In political philosophy, the general will (French: volonté générale) is the will of the people as a whole. The term was made famous by 18th-century Genevan philosopher Jean-Jacques Rousseau.

What did Rousseau mean by general will?

The general will, (French, volonté generale) first enunciated by Jean-Jacques Rousseau (June 28, 1712 – July 2, 1778), is a concept in political philosophy referring to the desire or interest of a people as a whole. It is most often associated with socialist traditions in politics.

What are the features of general will?

According to Rousseau, when a question is put up before the people, then every individual mulls over the issue as per his choice and wisely and through the exchange of thoughts, by way of exchange of dialogue among the people, selfish desire gets suppressed, and there appears a formation of’General Will’.

Who gave the concept of general will?

The general will is central to the political philosophy of Jean-Jacques Rousseau and an important concept in modern republican thought. Rousseau distinguished the general will from the particular and often contradictory wills of individuals and groups.

How is the general will formed?

The law is the expression of the general will. All citizens have the right to contribute personally, or through their representatives, to its formation.

What is the difference between general will and the individual will?

Each individual has his own particular will that expresses what is best for him. The general will expresses what is best for the state as a whole.

What is the difference between the general will and the will of all?

The general will is the will of the sovereign: it aims at the common good and it is expressed in the laws. The will of all is simply the aggregate of the particular wills of each individual.

Who considered general will as sovereign?

6). Rousseau’s general will was confined to the limits of the state. “The general will is always right,” claimed Rousseau. His statement has often been taken to imply a kind of mystical popular will in whose name the force of the state can be exercised.

What happens if someone decides not to obey the general will?

What happens to those who refuse to obey the general will? Those who disobey the general will must be compelled to obey it. They must be forced to be free.

Is general will fallible?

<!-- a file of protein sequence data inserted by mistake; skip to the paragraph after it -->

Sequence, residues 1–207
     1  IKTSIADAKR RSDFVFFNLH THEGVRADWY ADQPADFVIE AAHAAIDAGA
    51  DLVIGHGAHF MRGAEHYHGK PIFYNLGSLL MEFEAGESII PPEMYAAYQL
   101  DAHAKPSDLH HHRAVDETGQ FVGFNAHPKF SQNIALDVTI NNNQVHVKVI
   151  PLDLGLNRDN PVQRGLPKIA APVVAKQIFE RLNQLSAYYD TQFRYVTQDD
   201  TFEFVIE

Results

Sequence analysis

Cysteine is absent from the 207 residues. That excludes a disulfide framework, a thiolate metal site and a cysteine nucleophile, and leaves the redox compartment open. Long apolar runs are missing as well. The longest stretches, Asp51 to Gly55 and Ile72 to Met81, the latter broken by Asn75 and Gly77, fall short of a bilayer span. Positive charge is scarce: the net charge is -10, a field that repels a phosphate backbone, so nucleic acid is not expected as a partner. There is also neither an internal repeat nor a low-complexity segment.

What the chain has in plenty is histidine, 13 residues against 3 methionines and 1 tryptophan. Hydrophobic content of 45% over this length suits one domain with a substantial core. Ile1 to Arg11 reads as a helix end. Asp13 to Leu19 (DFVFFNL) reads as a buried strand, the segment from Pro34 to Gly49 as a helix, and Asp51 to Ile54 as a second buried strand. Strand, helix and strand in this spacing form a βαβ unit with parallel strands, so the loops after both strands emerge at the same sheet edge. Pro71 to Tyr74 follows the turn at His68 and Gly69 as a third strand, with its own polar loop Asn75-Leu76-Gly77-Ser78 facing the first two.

whether the general will is fallible



Our will is always for our own good, but we do not always see what that is; the people is never corrupted, but it is often deceived, and on such occasions only does it seem to will what is bad.

What is actual will and real will?

Actual will is transient, unstable and inconsistent; it changes from moment to moment. Real will is stable, constant, consistent and determinate. Man’s freedom consists in overcoming his actual will and following the direction of the real will. Real will expresses his true freedom.

Can the general will ever be wrong?

By definition, the general will can never be wrong; for when something contrary to the general interest is expressed, it is defined as the mere “will of all” and cannot have emanated from the sovereign.

Who believed that sovereignty vested in the general will?

Popular sovereignty in its modern sense is an idea that dates to the social contracts school (mid-17th to mid-18th centuries), represented by Thomas Hobbes (1588–1679), John Locke (1632–1704), and Jean-Jacques Rousseau (1712–1778), author of The Social Contract, a prominent political work that clearly highlighted the

What was the general will according to Rousseau quizlet?

The will of the sovereign that aims at the common good. Each individual has his own particular will that expresses what is best for him. The general will expresses what is best for the state as a whole.

What is the meaning of this statement that the general will never err?

General Will cannot err with specific regard to Rousseau’s work. As Rousseau says this about. the General Will means that it is likely a correct conclusion if only regarding his own works.

What was Rousseau’s view on human nature?

Rousseau proclaimed the natural goodness of man and believed that one man by nature is just as good as any other. For Rousseau, a man could be just without virtue and good without effort. According to Rousseau, man in the state of nature was free, wise, and good and the laws of nature were benevolent.